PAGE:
What is so special about fontina cheese? One will know when one tastes it. It has amazing taste and several health benefits.
What is Fontina Cheese?
Fontina cheese is indeed a specialized aromatic, gluten-free cheese made in a specific region of the Italian Alps, in the Aosta Valley. It does undergo a unique production process and also benefits from the bountiful meadows of that region. When the dairy cows are actually moved to those higher altitudes in the spring, the lush grasses of the valley do provide a unique, earthy flavor to the milk.
Nutrition in Fontina Cheese
100 grams of fontina cheese does contain approximately 390 calories, as well as 25 grams of protein and 31 grams of fat, 20 of which are saturated fat. This serving of fontina cheese also does contain calcium, phosphorous, and sodium. This cheese also does contain high levels of vitamin A, vitamin K, and vitamin B12.
How is Fontina Cheese Made?
The production process of fontina cheese is what actually sets it apart in terms of both flavors as well as international prestige. Although there happen to be numerous other varieties of this cheese, including types from Denmark, Sweden, Argentina, and others, the original Fontina cheese from the Aosta Valley is indeed special.
How is Fontina Cheese made?
Step 1: The specialized cows’ milk is rather heated in large copper cauldrons where cheese curd do begin to develop.
Step 2: It is then, of course, strained through cheesecloth, and placed in wheel molds.
Step 3: These molds then spend three months in the caves and grottos of that valley, being turned, salted and also carefully processed by skilled artisans, several from families who have been making Fontina cheese for generations.
Step 4: After the cheese is fully matured, it can be sent out into the world.
Benefits of Fontina Cheese
There are several excellent benefits of fontina cheese, owing to its rich nutrient content, including protecting heart health and also reducing intestinal issues, as well as boosting bone health and improving cellular communication.
Numerous studies have indicated that the benefits of both vitamin B and vitamin K are for protecting cardiovascular health, the latter of which is good for protecting the integrity of one’s arteries.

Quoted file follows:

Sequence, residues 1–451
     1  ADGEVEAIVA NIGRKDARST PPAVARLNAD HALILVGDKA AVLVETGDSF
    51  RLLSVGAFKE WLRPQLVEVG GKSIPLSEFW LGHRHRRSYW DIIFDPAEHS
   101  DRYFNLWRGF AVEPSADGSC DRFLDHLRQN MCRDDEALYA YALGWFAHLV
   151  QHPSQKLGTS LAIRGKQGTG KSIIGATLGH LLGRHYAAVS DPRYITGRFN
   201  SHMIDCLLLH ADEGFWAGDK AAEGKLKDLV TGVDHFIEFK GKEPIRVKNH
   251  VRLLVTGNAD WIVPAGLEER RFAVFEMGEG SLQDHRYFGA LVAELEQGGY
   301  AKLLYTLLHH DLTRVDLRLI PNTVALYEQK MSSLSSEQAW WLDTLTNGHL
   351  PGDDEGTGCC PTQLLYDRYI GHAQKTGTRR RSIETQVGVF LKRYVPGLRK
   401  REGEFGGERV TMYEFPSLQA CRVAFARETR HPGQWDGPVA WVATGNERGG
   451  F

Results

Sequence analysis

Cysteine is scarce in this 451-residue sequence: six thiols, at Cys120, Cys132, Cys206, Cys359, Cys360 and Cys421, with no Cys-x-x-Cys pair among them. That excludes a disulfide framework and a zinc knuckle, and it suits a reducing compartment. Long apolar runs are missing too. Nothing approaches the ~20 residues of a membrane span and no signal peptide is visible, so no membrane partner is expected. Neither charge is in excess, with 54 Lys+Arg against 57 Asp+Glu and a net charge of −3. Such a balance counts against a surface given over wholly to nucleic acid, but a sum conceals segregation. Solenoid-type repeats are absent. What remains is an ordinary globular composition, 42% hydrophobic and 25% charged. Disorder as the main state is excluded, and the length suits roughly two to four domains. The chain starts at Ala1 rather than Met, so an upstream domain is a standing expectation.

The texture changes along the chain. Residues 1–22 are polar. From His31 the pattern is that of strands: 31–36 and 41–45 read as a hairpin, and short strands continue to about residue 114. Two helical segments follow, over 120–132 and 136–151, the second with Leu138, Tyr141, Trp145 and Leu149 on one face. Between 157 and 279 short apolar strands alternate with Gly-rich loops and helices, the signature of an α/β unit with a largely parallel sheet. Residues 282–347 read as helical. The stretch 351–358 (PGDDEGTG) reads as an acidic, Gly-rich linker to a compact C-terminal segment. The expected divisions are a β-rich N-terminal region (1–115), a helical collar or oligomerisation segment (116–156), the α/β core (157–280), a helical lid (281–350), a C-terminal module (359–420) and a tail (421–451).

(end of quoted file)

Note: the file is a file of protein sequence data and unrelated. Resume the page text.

Fontina cheese has long been made use as a traditional remedy for treating constipation, diarrhea, bloating, and cramps, and is generally known to boost gut health. Research done on a variety of cheese has indeed been found fontina to be a nutritious and potentially bioactive ingredient.
The high levels of calcium and phosphorous found in this specialty cheese is indeed excellent for protecting bone health as one age. Numerous studies over the years have found a direct link between a reduction in osteoporosis and regular calcium intake, and a single half-ounce of this cheese does provide nearly 20% of the calcium we require each day.
Calcium, as well as phosphorous, also do play a key role in ensuring rapid cellular communication and nerve function, as well as regulating the metabolism, maintaining normal energy levels, and also preventing certain kidney disease, as shown in numerous studies.
Understanding the best fontina cheese substitutes is important for certain recipes, or simply if one wants to add some new flavors to one’s cheese and crackers routine.
Fontina Cheese Substitutes
Good fontina cheese substitutes are semi-hard, similar to fontina, an Italian cow’s milk cheese. Young fontina is indeed very soft and melts well. Mature fontina is hard, with holes inside the cheese, and also has a very distinct nutty, buttery flavor. Fontina happens to be a popular cheese for fondue and sauces, and pairs well with savory meats and mushrooms, particularly truffles.
If one cannot find fontina at one’s local shop, there are several substitutes for fontina cheese such as Gouda, gruyere, taleggio, provolone, Emmental, mozzarella, and Edam among others.
As a popular cheese, Gouda originated in the Netherlands. It has a firm, creamy density that does indeed melt well. The flavor of Gouda does get stronger as it ages, like fontina, but retains a butteriness that does pair with wines and strong sauces.
Gruyere is a Swiss cow’s milk cheese, yellowish in color that can be substituted for fontina in several applications. It is considered one of the closest matches to fontina. It does bear more of a resemblance to mature fontina, with a dense texture and strong, nutty flavor. Gruyere is best used in soups, sandwiches, and pasta.
Taleggio happens to be another Italian cow’s milk cheese that is quite similar to fontina in terms of its high-fat content as well as strong distinctive smell. It pairs best with meats and is popular in sandwiches and on pizzas.
Provolone is a mild Italian cheese that substitutes well for fontina in baked pasta as well as soups. It is very popular as a sandwich cheese. The flavor is very mild and it also has practically no smell, making this a good switch if one is cooking for someone who prefers less pungent cheese.
Also known commonly as Swiss cheese, Emmental is a Swiss cow’s milk cheese that is hard as well as pungent. It is best-made use of as a fontina substitute on sandwiches and in fondue, whereby the nutty flavor comes out best.